The Dec. 27 decision was delivered by U.S. District Judge John Tharp Jr., favoring the Natural Resources Defense Council, the Sierra Club and Prairie Rivers Network in their action against the water reclamation district. The district covers 883 square miles, treating wastewater from Chicago and 125 suburban communities.
In 2011, the environmental groups lodged a suit against the district, alleging the district violated its federally issued National Pollution Discharge Elimination System (NPDES) permits by discharging phosphorus, which purportedly exceeded permissible levels, in treated water from three of its seven wastewater treatment plants. The three plants are in Skokie, Cicero and at 400 E. 130th St., Chicago. The treated water enters Chicago-area waterways, eventually streaming into the Mississippi River and then the Gulf of Mexico.
The groups alleged the excessive phosphorus affected algal and plant growth, as well as levels of dissolved oxygen, which violated Illinois water quality standards. They are asking the court to order better filtering. The district has denied it is in violation, maintaining that “reducing the manmade phosphorus component ... would be unlikely to affect” algal and plant growth.
While this suit was pending, plaintiffs took action against the district regarding the Illinois Environmental Protection Agency's renewal of the district's permits that took effect Jan. 1, 2014. Plaintiffs went before the Illinois Pollution Control Board, arguing the permits set phosphorus limits too high to maintain water quality. The district countered the limits went “above and beyond” what the law required.
The Pollution Control Board disagreed, upholding the permits. Plaintiffs then repeated their arguments in state appellate court, where they carried the day in February 2016. The permits were remanded to the board for further proceedings.
In federal court in October 2016, the district filed a motion to bar plaintiffs' federal claim, alleging plaintiffs argued in appellate court the permits do not meaningfully restrict phosphorus, but are contending in federal court the permits do impose worthy restrictions that the district allegedly violated.
Tharp said plaintiffs argued in appellate court the phosphorus requirements were difficult to enforce and it was inefficient to rely on “ex post facto enforcement” through litigation after violations take place. These contentions were consistent with plaintiffs’ federal arguments.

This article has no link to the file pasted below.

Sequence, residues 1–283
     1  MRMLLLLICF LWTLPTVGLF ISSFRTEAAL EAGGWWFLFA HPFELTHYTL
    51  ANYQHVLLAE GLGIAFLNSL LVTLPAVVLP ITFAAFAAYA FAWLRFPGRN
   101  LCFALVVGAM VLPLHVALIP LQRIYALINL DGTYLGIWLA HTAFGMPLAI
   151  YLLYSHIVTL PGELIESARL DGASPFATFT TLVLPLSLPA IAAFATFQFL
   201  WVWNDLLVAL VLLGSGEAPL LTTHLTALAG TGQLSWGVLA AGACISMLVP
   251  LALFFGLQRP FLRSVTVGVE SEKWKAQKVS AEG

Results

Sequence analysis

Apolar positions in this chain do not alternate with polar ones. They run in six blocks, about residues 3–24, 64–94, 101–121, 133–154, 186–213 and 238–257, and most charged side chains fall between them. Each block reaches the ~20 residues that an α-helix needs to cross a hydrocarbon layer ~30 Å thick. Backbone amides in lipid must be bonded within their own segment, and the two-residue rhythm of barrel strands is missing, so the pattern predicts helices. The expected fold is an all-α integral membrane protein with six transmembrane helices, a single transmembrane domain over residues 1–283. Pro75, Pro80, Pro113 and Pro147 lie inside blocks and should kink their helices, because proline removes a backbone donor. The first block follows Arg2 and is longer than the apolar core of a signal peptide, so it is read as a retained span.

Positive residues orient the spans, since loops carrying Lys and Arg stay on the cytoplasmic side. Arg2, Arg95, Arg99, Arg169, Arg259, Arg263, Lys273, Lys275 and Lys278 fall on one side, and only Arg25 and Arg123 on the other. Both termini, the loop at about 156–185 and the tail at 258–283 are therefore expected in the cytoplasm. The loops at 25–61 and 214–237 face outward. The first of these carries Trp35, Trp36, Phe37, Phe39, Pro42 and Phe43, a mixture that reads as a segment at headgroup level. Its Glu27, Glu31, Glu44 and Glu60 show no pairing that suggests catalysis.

“There is simply nothing wrong with trying to enforce existing limits while pushing for the imposition of more and stringent regulations going forward,” Tharp observed.
Tharp went on to say the district’s characterization of plaintiffs’ appellate arguments is “inaccurate and without any grounding,” leaving him “baffled” as to how the district could have developed such a characterization.
Tharp added that on the subject of consistency, both sides have “emphasized different points in different contexts, but the line of clear inconsistency has not been crossed.”
The judge took the district to task for filing its motion late in the case – trial preparations were gearing up in earnest – saying it would cause “substantial prejudice to toss out this case based upon a legal argument that was available to the District seven months before this motion was made.”
A pretrial conference is set for Jan. 6 with jury trial scheduled for Jan. 17.
The NRDC is represented by the Chicago firm of Baker & McKenzie. The Sierra Club and Prairie Rivers Network are represented by Chicago lawyer Albert Ettinger.
The Metropolitan Water Reclamation District of Greater Chicago is represented by in-house counsel and the firm of Beveridge & Diamond, which has offices in Chicago and Washington, D.C.